In the morning for an observation then I make my move in the evening. After one day they know something is up. I’ve tried hunting it with other winds and no success but I still see them and it’s a cat mouse game. Every small property sets up different
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Re: Small property pressure and hunting the edges

Unread postby phade » Fri Jan 01, 2021 9:23 am

All we deal with here in WNY is small private parcels, with leases or permission. In most cases, you can see the hunting pressure, let alone "feel" it.

Balancing patience and aggression is the key. My hunting partner and I have taken six bucks the past two seasons combined with an average score of 130. One was killed on first time in, one was killed second time in, and the other four were after alot of pressure was applied. Not one tactic was exclusive to all six other than being smart about the plan - and we spent alot of time making our moves and reactions. The second time in kill was done after ripping down a 25' tree with an F250 to clear a lane on a field edge. Deer got by me on a Sunday evening due to other nearby deer not allowing me to get into position, we rested it Monday, and Tuesday, buck did the same thing and this time I was ready and done within an hour of being in the stand. On that Sunday evening hunt, I was surrounded by deer in the stand and had my partner come get me to bump off the field. Didn't give up the stand spot. They bumped off, and Tuesday was a kill day. That call, I believe was important to killing on that Tuesday. Hunt smart, whatever you do, in small parcels.
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Re: Small property pressure and hunting the edges

Unread postby treeroot » Fri Jan 01, 2021 10:11 am

I try to observe from a distance, then move in. It really depends on how the property is laid out. It also depends on what weapon you're hunting with.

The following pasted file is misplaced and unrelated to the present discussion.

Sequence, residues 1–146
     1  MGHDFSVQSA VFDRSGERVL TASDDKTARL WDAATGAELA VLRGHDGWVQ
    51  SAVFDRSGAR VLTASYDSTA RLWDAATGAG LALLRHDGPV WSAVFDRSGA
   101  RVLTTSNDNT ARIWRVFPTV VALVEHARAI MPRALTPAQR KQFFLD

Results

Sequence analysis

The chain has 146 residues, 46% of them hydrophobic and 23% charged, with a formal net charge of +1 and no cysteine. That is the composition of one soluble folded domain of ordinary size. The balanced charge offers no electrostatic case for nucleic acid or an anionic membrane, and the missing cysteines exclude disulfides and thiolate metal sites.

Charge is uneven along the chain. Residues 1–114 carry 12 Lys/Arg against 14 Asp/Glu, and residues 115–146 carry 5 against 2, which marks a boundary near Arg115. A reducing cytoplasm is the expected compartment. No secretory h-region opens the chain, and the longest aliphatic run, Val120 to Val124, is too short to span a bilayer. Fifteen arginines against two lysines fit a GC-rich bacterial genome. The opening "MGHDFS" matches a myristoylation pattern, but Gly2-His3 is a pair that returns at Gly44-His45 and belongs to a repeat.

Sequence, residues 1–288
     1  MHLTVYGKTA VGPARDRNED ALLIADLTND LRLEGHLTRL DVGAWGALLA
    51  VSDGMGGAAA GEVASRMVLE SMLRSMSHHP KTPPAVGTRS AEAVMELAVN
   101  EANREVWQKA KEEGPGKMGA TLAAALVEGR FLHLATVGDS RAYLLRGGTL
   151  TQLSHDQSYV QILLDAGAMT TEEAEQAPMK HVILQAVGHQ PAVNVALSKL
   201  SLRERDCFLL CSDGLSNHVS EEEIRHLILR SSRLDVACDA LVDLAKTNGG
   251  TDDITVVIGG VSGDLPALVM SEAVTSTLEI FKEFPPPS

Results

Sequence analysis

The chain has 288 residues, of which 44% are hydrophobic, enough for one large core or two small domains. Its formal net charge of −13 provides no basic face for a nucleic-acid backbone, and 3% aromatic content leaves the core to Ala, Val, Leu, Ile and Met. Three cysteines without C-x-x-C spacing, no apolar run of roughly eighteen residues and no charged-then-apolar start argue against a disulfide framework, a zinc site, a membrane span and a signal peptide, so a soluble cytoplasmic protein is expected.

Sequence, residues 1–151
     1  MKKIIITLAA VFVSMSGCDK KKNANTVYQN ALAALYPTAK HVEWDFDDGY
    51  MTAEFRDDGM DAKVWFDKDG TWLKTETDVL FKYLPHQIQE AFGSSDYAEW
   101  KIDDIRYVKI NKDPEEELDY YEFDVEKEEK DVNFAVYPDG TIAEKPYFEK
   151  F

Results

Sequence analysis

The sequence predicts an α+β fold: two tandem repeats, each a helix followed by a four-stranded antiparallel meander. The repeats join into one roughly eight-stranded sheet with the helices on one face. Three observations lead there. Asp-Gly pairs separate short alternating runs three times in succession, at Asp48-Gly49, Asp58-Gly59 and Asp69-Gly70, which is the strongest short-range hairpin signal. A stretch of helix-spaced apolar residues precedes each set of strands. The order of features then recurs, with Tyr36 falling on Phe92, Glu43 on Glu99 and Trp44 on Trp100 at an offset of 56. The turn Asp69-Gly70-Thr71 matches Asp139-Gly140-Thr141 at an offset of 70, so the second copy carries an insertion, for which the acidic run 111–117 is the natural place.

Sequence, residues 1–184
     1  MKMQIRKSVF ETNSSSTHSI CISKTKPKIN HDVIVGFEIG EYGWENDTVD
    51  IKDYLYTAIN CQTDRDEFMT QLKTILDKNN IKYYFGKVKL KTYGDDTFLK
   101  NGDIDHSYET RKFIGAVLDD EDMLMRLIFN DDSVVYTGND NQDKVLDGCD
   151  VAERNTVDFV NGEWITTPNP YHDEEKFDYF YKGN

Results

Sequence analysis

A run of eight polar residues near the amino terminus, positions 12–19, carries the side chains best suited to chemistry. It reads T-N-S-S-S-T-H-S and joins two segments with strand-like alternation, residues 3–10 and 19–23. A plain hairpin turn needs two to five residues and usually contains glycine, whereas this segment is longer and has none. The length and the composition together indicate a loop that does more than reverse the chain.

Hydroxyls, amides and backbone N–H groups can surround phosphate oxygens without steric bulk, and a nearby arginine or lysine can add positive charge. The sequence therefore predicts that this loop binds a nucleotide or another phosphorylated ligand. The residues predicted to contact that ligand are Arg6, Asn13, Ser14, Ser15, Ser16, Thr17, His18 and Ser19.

What access you have can really change what you can do.

One property I hunt is 1/2 hay field 1/2 hardwoods. The only access is through the field. It is hard to not bump the deer when making a setup. It took me a few years to figure out how to get in without wrecking my hunt before it started.
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Re: Small property pressure and hunting the edges

Unread postby bigredneck61088 » Fri Jan 01, 2021 11:34 am

Key with small properties I have found is know when to hunt that specific piece aka best few days through history, and go in for the kill, historical camera data helps by running one or a few and letting them go untouched all year

Access is key for keeping it great

I have one piece of private permission like this that is 17 acres total but only maybe 8 Wooded, if I hunt the prime days for access (w wind, real windy, or rainy) I can get 3-4 sits right in the bedroom 50-75 from the beds, this is mid oct thru first of November is best here.

I got three sits this year and killed on the third, seen a shooter every sit one of which stood up at 40 but no shot, but accessing on any days other than these would have blown it for the season the way it sets up, just hunt your piece smart